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Downtown Austin parks system Waterloo Greenway takes shape
(Waterloo Greenway/Twitter)

Waterloo Park, an 11-acre component of the forthcoming Waterloo Greenway park system, will open this spring.

Waterloo Greenway, an urban park system that runs 1.5 miles along Waller Creek from 15th Street to Lady Bird Lake, will soon make its debut.


The first phase—Waterloo Park, an 11-acre park bordered by East 15th, Red River, East 12th and Trinity streets—broke ground in 2017 and will open this spring.

The 10-year, 35-acre project is the result of a public-private partnership between the city of Austin and local nonprofit Waterloo Greenway Conservancy. Its estimated total cost is $250 million, of which approximately $150 million the city committed through bond funding. The conservancy will raise the remaining $100 million from donors and grants.

CEO Peter Mullan previously served as executive Vice President of Friends of the High Line—a nonprofit that founded, funds and oversees the High Line public park in Manhattan.

The second phase will be an overhaul of the Creek Delta portion, which includes nine acres between Lady Bird Lake and 4th Street. It is currently in the design phase and is expected to be completed in 2023.

The last phase includes the middle section of the park system, from 4th to 11th streets, as well as Palm Park, which abuts the Fairmont Austin hotel and the I-35 frontage road, and Pontoon Bridge, which crosses Lady Bird Lake. It will be completed in 2026.

The three-phase development process is under way and expected to be completed in 2026. (Waterloo Greenway)

Waterloo Greenway is named after the city's original name, Waterloo, according to the Austin History Center. It is also the name of a city in Belgium, combining "water" with the Flemish word "loo," which means "sacred wood."

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1923 Lake Austin mansion demolition request pitting preservationists and some neighbors against owner and city preservation office
Austin Monitor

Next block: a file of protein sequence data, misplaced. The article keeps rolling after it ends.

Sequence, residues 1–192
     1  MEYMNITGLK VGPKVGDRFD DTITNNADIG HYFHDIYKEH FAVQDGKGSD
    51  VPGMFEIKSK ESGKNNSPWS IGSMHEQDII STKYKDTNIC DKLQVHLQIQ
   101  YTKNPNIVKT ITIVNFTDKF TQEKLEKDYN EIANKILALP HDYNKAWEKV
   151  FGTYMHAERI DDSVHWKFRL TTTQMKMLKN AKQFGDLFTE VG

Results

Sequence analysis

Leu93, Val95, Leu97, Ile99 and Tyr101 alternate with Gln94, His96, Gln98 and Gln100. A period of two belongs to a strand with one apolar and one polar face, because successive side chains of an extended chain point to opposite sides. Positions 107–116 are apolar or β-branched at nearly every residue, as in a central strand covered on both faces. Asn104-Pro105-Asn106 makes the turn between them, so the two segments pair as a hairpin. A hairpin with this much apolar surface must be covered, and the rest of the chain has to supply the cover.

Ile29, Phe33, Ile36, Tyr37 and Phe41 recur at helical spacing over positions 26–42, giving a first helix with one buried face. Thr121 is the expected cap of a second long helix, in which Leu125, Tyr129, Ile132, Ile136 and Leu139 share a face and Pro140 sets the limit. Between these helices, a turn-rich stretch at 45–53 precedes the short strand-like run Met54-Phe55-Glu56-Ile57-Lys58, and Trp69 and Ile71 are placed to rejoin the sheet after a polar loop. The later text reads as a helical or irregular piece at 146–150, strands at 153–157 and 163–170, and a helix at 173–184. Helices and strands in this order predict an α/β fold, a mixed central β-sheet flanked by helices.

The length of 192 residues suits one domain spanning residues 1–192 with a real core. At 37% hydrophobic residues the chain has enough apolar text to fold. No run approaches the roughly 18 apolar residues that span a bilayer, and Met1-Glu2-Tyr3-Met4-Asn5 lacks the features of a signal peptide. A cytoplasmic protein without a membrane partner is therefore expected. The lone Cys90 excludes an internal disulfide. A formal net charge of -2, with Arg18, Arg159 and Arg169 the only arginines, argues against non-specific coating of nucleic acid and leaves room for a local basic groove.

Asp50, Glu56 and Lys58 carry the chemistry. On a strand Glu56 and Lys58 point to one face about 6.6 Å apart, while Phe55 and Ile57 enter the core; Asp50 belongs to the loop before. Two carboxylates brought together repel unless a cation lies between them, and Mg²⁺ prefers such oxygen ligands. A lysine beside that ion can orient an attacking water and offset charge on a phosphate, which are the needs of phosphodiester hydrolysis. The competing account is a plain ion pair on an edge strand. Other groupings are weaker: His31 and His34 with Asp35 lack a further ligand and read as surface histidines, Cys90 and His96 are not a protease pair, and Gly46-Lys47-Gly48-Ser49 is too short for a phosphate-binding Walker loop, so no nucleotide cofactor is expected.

By Jonathan Lee

The Planning Commission was split Tuesday on whether to help save an eclectic lakefront estate from demolition by zoning it historic amid concerns over tax breaks and the likelihood that a previous owner participated in segregation as a business owner.

The property in question, known as the Delisle House, is located at 2002 Scenic Drive in Tarrytown. The main house, with Spanish and Modern influences, was built in 1923 by Raymond Delisle, an optician. A Gothic Revival accessory apartment was built in 1946. The current owner applied to demolish the structures in order to build a new home.'

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Freaky Floats and other Austin food & drink news
Austin Motel

What's new in Austin food & drink this week:

  • Nau's Enfield Drug closing after losing their lease. Did McGuire Moorman Lambert buy the building, with its vintage soda fountain?
  • Nixta Taqueria Chef Edgar Rico named to Time Magazine's Time 100 Next influencer list, after winning a James Beard Award earlier this year.
  • Question: From what BBQ joint did pescatarian Harry Styles order food this week?
  • Austin Motel is opening the pool and pool bar Wednesday nights in October for Freaky Floats.
  • Vincent's on the Lake closing due to "economic conditions and low water levels [at Lake Travis]."
  • Cenote has closed its Windsor Park location. The East Cesar Chavez location remains open.
  • The Steeping Room on N. Lamar has closed.
  • Local startup It's Skinnyscored new financing for its gluten-free pasta business.
  • P. Terry's opened a new location in Kyle, at 18940 IH-35.